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Reviews for January 25th, 2019

Documentary Round-Up

      The 5 Browns: Digging Through the Darkness is a heartfelt documentary about five siblings, Melody, Desirae, Deondra, Gregory and Ryan, who rose to fame when they formed a piano ensemble, The 5 Browns. It turns out that their father, Keith, who's also their manager, sexually abused Melody, Desirae and Deondra during their childhood and went to prison. Director Ben Niles doesn't introduce you to that darker element of the narrative right away. At first it seems like the doc will be about The 5 Browns and their rise to fame, but it gradually gets darker and darker as you realize that the Browns are far from the Brady Bunch. He combines archival footage and home videos with concert footage and candid interviews with The 5 Browns siblings each of whom has been through a lot emotionally and psychologically. It's amazing and uplifting, though, how they have managed to say together and persist throughout their journey. They also acknowledge how music has helped them to heal in many ways. There's a segment of the doc that veers a little off track when it focused on Desirae's battle something besides the trauma from the sex abuse: her eye disease. However, it doesn't derail the film completely nor is it a systemic flaw. Desirae along with Melody and Deondra should be commended for be brave enough to speak out about their traumatic childhood. They were clearly groomed by a father who's a pedophile and a narcissist. Their mother, Lisa, seems like an enabler. Bravo to Deondra and Desirae for turning lemons to lemonade by starting The Foundation for Survivors of Abuse to help other survivors of sexual abuse find the courage to speak out about it. At a running time of 99 minutes, The 5 Browns: Digging Through the Darkness is an equally poignant, heartbreaking and inspirational documentary. It opens Wednesday, January 23rd at IFC Center. In the unflinching doc Jihadists, co-directors François Margolin and Lemine Ould Salem interview Islamic extremists who are members of the Salafi sect. They openly discuss their idealogy and have no shame in admitting that homosexuals ought to be killed. Anyone who doesn't agree with and obey their laws and ideologies are killed. On camera, the jihadists seem brainwashed, simple-minded and cruel. The filmmakers are quite courageous and bold for risking their lives to bring attention to these jihadists and their twisted ideologies that fuel ISIS, but the doc quickly becomes repetitive and monotonous with audience feeling only one emotion for the entire duration: anger. Anger toward such hatred, bigotry, extremism and evil. What Jihadists fails to do is to go beyond that emotion and to explore the nature of evil. The Banality of Evil, written by Hannah Arendt, for instance, would've been a good source to allow the filmmakers to dig deeper. If a documentary only makes one angry on a visceral level with no other emotions, it isn't very effective overall because it's too shallow. Moreover, it's somewhat distracting every time co-director François Margolis interrupts the doc to explain what you just saw directly to the camera---that probably would've worked better as part of the director's commentary on the DVD. At a brief running time of 1 hour and 15 minutes, Jihadists opens at Cinema Village via Cinema Libre Studio.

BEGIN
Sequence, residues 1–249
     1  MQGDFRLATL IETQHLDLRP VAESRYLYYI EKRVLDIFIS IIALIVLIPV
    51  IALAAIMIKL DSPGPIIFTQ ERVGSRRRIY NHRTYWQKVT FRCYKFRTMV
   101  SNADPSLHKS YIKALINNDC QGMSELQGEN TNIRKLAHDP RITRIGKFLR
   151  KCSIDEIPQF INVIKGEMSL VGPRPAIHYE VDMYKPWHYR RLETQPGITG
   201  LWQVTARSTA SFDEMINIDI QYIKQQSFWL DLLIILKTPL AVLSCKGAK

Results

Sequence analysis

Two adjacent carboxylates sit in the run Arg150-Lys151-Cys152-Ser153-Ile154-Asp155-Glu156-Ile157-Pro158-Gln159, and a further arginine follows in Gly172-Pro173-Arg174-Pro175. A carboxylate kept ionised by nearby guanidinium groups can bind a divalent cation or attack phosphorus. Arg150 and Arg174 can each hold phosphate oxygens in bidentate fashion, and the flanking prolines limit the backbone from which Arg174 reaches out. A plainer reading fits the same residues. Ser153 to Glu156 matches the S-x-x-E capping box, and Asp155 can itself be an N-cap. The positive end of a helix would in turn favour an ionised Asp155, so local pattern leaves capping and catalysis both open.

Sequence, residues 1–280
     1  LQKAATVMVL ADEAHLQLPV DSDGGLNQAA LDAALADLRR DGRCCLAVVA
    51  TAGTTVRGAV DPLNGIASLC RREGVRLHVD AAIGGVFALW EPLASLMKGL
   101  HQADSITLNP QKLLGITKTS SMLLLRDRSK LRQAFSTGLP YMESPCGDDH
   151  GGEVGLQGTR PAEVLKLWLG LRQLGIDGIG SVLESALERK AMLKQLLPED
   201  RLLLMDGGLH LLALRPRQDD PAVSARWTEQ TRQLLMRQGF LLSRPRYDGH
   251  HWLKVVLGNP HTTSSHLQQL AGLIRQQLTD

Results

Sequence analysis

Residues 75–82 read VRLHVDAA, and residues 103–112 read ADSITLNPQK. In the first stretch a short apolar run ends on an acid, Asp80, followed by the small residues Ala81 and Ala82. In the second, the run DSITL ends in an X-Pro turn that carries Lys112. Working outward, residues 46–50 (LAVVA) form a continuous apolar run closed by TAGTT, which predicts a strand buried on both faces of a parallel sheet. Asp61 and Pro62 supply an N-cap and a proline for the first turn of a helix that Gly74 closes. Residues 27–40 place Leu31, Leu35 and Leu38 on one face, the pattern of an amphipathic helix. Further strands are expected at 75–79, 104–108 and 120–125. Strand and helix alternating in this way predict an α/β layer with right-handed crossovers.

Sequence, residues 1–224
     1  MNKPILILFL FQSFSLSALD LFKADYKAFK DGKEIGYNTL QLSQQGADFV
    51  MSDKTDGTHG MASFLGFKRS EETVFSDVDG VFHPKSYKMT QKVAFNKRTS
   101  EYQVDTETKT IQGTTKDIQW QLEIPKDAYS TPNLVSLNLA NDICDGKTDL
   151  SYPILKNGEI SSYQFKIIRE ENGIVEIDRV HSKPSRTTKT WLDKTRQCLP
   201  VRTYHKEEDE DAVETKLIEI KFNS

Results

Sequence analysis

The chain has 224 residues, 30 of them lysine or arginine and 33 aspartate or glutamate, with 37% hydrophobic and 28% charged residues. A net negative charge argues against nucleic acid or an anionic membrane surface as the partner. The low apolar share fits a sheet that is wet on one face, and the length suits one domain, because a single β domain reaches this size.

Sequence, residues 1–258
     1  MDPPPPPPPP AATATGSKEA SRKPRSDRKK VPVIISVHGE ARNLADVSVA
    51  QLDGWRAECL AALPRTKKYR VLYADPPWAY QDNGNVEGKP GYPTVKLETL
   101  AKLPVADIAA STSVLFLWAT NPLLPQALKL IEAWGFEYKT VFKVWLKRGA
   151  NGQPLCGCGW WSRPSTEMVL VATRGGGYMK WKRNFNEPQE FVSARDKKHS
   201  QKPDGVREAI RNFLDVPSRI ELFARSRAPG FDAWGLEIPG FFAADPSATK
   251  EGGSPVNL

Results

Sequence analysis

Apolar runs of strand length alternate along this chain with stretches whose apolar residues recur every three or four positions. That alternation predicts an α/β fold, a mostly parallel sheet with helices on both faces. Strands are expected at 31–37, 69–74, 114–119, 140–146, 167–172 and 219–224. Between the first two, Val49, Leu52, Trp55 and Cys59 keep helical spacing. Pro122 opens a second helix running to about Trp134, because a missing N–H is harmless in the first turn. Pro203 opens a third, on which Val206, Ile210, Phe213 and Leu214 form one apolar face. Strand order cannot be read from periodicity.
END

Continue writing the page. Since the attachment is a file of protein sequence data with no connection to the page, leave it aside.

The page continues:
The Invisibles

Directed by Claus Räfle


Number of times I checked my watch: 2
Released by Greenwhich Entertainment.
Opens at Film Forum.

The Kid Who Would Be King

Directed by Joe Cornish


Number of times I checked my watch: 5
Released by 20th Century Fox.
Opens nationwide.

Never Look Away

Directed by Florian Henckel von Donnersmarck